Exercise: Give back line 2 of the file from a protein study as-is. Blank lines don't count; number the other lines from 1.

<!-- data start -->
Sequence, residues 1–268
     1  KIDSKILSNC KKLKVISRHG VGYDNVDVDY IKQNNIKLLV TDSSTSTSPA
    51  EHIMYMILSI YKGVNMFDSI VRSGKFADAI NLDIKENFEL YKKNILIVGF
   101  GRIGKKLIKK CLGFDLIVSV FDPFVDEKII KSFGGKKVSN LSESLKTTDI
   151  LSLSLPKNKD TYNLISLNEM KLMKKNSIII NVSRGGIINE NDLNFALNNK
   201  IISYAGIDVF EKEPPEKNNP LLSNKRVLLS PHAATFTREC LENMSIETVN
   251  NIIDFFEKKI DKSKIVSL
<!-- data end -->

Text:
     1  KIDSKILSNC KKLKVISRHG VGYDNVDVDY IKQNNIKLLV TDSSTSTSPA